Sinterklaas arrives in the Netherlands this weekend, so if you are a relatively new arrival, here’s a special lesson in the Dutch News inburgering course to bring you up to speed.
Lesson 34: Sinterklaas
Who is Sinterklaas?
The man in the mitre is impersonating Saint Nicholas, a 4th century bishop who lived in Myra, in what is now Turkey. From the 11th century onwards, news of his miracles spread around Western Europe and he became the patron saint of practically every section of society, including children.
This goes back to the saint’s skill in piecing back together three children who had been chopped up by an innkeeper and put in a vat of brine. The story of how Saint Nicholas comes at night to deliver presents is based on his generosity to three prostitutes who were tossed sacks of gold for a dowry through the window under cover of night. Of course he immediately became patron saint of prostitutes too.
When did the Dutch start celebrating?
The feast of St Nicholas has been celebrated for at least 700 years in the Netherlands and, as a Catholic celebration, went underground when it was banned during the Reformation.
Many of today’s traditions – such as Sinterklaas’s helper Zwarte Piet (Black Pete, now Sooty Pete), and the steam boat, came from a book written by teacher Jan Schenkman in 1850 and the real commercialisation of Sinterklaas began in the 1930s.
Up until the 1940s, children would find a present in their shoe on December 6, which is officially St Nicholas’ saints day in the Catholic church calendar. However, the partying has gradually shifted to the night before, or December 5, which is also known as pakjesavond or parcels evening.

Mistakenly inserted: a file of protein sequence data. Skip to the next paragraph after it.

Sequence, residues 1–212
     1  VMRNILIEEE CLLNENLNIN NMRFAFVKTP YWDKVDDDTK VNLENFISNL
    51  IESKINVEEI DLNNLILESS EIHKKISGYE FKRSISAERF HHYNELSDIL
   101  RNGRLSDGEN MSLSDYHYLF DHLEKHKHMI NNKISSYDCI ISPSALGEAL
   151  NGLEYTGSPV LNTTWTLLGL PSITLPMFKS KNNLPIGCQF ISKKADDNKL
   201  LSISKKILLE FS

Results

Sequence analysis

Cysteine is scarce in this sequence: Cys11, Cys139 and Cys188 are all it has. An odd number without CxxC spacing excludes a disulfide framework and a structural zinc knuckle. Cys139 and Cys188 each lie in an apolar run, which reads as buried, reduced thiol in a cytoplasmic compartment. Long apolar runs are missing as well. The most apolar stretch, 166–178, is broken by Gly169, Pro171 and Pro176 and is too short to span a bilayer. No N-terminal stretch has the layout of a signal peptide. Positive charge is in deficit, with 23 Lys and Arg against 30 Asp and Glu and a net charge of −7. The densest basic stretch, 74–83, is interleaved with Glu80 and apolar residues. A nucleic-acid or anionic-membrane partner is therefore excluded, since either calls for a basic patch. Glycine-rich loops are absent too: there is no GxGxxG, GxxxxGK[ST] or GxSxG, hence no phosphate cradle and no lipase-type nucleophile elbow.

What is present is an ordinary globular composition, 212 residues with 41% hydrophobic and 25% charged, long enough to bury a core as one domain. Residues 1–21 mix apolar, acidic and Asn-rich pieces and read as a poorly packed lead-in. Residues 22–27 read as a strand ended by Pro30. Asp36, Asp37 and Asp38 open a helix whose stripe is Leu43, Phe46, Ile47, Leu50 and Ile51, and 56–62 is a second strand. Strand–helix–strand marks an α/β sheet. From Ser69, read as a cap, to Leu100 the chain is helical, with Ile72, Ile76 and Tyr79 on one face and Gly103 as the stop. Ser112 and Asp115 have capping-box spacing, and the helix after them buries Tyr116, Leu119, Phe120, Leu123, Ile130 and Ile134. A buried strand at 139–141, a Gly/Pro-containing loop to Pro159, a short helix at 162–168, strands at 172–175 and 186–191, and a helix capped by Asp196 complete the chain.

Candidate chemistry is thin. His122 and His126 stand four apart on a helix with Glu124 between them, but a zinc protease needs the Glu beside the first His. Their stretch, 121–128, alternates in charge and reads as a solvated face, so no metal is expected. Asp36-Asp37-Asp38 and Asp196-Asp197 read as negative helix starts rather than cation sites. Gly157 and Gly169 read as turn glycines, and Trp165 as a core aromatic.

The arrival of Sinterklaas
The Meertens Institute says the first intocht van Sinterklaas, or the arrival of Sinterklaas, took place in Zwolle in 1873 when ‘a couple of well-to do farmers had a local prankster dress up as Sinterklaas distributing sweets to poor children’.
Since 1952 the arrival of Sinterklaas has been a televised event which sees the Sint and his helpers land in style from their steam boat from Spain (although Sinterklaas has been known to arrive by train, plane and even a hot air balloon).
A different place to set foot on dry land is judiciously chosen every year. Sinterklaas always arrives on a Saturday at least three weeks before December 5 so you have lots of time to spend money on presents.
No lesson about Sinterklaas would be complete without tackling the issue of Zwarte Piet, or Black Piet – white people dressed up with curly black wigs, golden earrings, red lips and black face paint, who used to accompany Sinterklaas at his official arrival and at parades all over the country.
However, in 2011 a campaign to ‘kick out Zwarte Piet’ was launched by a group of anti-racism activists and a lot of demonstrations later, the blackface character has largely disappeared, although there are still pockets of resistance, mainly in rural areas.
Once Sinterklaas and his sooty Piets actually in the country, the fun can begin. First of all you have to decide who you are going to celebrate with and then you draw lots to determine who you will give a present to. And, another very Dutch tradition, an agreement is made about how much will be spent on the presents.
In the days leading up to the all important December 5, children put their shoes in front of the fire (or the radiator) in the hope that Sinterklaas will fill it with a small present or a chocolate goody.
Some children think they can get around the Sint by leaving a carrot for the bishop’s horse, accompanied by a wish list. In the olden days a disobedient child would find a potato in his/her shoe, or a roe (a bunch of twigs used tot chastise naughty children) but these days this is deemed too traumatic.